Segregation of duties Exception reports Supervision Reconciliations Security of assets Performance reviews Reading and understanding current policies and procedures. Annual physical inventory counts Auditing standards require Internal Audit to evaluate the adequacy and effectiveness of controls in responding to risks within the university’s governance, operations and information systems. Preventive controls: Designed to discourage errors or irregularities from initially occurring Segregation of duties: No one person should control all phases of a transaction without the intervention of another person(s) who provides a cross check; minimizes errors and possible misappropriations. Supervision: An objective periodic review over the detail of procedures being performed on a regular basis. Security of Assets: The establishment of security arrangements to protect key information or assets from physical loss or inappropriate use. Detective controls: Designed to identify an error or irregularity after it has occurred.

16 Audit Process

17 Audit Process (Update as needed)
1/15/2015 Audit Process (Update as needed) Planning Preliminary research Entrance Meeting Process discussions Information gathering Identification of scope items Fieldwork Interviews Process reviews Document reviews Testing and verification Discussion of audit issues/findings Reporting Develop draft audit report Exit meeting Management responses Final report distribution Fieldwork Discussion of audit issues/findings Audit findings are normal and expected during an internal audit. Audit findings themselves are not generally alarming to senior leadership or Audit Committee. Only when audit findings stay unresolved, they become an issue. Reporting Audit Report Draft Engagement background Opinion on control environment Findings and recommendations Distribution list CONTINUOUS COMMUNICATION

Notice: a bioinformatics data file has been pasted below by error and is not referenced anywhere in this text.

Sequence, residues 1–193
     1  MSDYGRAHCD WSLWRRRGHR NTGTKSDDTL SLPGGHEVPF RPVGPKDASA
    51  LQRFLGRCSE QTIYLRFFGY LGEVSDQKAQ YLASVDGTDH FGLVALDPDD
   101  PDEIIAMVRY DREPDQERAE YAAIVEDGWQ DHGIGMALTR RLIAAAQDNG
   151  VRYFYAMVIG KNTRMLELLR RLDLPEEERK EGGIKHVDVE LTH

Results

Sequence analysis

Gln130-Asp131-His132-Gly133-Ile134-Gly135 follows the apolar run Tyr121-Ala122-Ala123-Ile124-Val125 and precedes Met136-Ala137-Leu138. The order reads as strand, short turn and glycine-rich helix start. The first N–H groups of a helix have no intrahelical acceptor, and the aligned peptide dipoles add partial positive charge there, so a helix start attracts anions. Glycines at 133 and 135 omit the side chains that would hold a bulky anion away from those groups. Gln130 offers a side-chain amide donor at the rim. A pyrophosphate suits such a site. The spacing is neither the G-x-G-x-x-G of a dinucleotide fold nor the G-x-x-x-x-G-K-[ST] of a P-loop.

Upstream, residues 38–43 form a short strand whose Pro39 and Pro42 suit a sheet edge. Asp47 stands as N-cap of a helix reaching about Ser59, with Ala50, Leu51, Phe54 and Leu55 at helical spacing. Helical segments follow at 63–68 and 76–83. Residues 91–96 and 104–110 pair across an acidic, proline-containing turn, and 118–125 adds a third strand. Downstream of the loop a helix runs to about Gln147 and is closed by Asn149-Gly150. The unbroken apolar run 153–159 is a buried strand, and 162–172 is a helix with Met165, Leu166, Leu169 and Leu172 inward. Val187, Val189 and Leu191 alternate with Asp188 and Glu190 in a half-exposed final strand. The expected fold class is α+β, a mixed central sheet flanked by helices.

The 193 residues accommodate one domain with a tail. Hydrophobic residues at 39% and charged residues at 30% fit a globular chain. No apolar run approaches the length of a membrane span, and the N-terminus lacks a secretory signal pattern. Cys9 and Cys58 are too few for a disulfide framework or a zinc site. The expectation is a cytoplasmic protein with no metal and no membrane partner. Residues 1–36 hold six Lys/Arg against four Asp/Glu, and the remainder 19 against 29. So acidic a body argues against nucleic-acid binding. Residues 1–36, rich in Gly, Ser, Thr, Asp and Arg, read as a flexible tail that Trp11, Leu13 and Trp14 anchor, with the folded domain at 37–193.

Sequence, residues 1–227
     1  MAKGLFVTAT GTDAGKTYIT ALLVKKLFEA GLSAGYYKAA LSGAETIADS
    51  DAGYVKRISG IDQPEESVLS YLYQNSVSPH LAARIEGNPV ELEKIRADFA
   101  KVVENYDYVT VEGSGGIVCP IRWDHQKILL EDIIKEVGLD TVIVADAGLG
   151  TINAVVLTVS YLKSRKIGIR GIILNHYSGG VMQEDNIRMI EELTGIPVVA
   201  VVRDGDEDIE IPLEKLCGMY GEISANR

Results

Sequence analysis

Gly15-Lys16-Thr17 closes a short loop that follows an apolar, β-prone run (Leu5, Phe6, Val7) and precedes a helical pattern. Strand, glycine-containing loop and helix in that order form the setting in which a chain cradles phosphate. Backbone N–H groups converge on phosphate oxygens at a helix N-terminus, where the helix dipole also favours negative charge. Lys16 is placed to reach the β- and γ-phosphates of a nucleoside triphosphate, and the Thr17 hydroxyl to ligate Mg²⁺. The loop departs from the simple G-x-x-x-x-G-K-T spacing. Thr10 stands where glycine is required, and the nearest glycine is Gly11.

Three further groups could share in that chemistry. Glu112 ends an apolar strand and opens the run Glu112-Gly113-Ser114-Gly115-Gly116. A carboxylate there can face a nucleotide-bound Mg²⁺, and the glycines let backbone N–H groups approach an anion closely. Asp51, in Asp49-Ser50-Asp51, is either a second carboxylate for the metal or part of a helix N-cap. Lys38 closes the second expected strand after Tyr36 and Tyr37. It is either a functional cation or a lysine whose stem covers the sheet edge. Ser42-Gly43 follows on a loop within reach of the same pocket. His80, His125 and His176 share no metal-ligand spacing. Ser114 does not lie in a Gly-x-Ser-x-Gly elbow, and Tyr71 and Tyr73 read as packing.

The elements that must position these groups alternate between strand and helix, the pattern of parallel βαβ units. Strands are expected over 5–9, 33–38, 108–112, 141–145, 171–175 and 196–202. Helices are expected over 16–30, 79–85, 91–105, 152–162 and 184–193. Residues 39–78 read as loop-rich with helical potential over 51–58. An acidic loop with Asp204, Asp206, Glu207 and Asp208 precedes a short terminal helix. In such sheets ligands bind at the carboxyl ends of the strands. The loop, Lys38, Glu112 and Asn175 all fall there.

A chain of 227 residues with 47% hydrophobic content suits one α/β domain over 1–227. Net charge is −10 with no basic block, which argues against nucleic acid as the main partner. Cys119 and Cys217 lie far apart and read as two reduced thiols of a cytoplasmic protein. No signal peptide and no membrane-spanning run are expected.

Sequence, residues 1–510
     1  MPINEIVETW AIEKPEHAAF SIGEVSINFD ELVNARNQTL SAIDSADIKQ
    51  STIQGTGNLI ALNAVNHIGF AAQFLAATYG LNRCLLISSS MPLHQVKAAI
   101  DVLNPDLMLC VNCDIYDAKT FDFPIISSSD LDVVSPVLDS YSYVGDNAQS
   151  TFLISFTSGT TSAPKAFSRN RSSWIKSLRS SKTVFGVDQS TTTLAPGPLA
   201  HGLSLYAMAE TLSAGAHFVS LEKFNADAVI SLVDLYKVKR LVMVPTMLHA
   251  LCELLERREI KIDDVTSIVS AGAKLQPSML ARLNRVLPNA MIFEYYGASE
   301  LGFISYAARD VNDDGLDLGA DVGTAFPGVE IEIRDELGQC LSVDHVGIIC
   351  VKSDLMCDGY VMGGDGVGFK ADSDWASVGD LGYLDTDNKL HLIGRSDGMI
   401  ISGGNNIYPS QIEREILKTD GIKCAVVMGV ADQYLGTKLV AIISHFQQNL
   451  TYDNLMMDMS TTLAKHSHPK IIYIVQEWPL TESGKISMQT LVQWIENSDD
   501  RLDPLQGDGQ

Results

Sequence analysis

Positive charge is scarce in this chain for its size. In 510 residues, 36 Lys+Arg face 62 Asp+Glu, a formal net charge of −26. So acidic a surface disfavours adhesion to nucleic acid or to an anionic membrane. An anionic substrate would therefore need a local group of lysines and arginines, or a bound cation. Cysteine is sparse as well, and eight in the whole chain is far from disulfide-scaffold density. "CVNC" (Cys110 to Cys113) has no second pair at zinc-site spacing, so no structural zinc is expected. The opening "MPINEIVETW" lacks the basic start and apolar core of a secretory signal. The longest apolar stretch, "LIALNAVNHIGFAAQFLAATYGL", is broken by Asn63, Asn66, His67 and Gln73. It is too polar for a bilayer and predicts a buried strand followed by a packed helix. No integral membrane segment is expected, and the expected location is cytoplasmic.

18 Common Audit Findings Not Understanding Requirements
Lack of Segregation of Duties Lack of Training Lack of Communication Lack of Awareness Lack of Compliance Many audit findings all into these categories. Specific examples include: Not Understanding Requirements Compliance tasks were not completed because the individual completing them wasn’t aware of everything that needed to occur. (This is often closely tied to lack of training and lack of awareness.) Lack of Training An individual is trained on a process (such as processing travel) by another user rather than the Travel Office. Consequently, not all steps are adhered to. Lack of Awareness A department is not aware of the need to provide accountability for each sales transaction. Consequently, all employees are sharing the same login credentials for a cash register system to provide quicker customer service. Lack of Segregation of Duties In a department with few employees, one employee is collecting payments, depositing them, and reconciling the account at the end of the month Lack of Communication A department that owns a policy or an area of compliance fails to communicate the requirements to campus A department feels they are most productive if each person is an “expert” working in a silo. However, the related lack of communication may create inefficiencies. Lack of Compliance Failure to follow a Federal law, state law, or university policy

19 Positive Impacts of Audits
Priority management Practical advice Comprehensive view of risk Institution-Wide Fraud prevention Improve efficiency and compliance Strong support Department-Wide Institution-wide: Help administrators balance competing priorities with limited resources Provide advice for streamlining processes and strengthening internal controls Provide comprehensive and concise view of overall institutional risk Department-wide: Help to identify fraud or abuse that can jeopardize that department’s goals Review department procedures and internal controls and share relevant information of improving efficiency and compliance Internal auditor can act as that strong voice to get management’s attention for necessary changes

20 Hotline Information Insert your university’s hotline information here.

21 Contacting Internal Audit
If you want to contact us, we are available via… Phone (xxx – xxx – xxx) Fax (xxx – xxx – xxx) Website ( Or if you would like to visit us, we are located at…

22 Thank You!